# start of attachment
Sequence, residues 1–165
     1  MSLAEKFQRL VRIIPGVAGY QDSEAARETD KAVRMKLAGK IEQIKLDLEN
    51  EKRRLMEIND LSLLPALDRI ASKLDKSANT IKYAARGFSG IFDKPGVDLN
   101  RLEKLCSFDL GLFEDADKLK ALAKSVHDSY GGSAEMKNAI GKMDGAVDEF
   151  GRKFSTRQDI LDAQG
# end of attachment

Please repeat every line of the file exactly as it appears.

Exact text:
Sequence, residues 1–165
     1  MSLAEKFQRL VRIIPGVAGY QDSEAARETD KAVRMKLAGK IEQIKLDLEN
    51  EKRRLMEIND LSLLPALDRI ASKLDKSANT IKYAARGFSG IFDKPGVDLN
   101  RLEKLCSFDL GLFEDADKLK ALAKSVHDSY GGSAEMKNAI GKMDGAVDEF
   151  GRKFSTRQDI LDAQG